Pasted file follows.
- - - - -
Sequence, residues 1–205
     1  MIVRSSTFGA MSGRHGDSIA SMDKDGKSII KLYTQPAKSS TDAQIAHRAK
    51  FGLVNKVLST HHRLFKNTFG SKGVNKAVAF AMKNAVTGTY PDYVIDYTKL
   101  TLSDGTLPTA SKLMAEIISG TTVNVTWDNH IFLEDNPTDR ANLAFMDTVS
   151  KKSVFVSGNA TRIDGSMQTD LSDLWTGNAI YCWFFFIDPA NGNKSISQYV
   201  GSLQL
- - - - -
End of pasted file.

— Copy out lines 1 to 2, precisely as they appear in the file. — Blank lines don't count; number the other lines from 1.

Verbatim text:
Sequence, residues 1–205
     1  MIVRSSTFGA MSGRHGDSIA SMDKDGKSII KLYTQPAKSS TDAQIAHRAK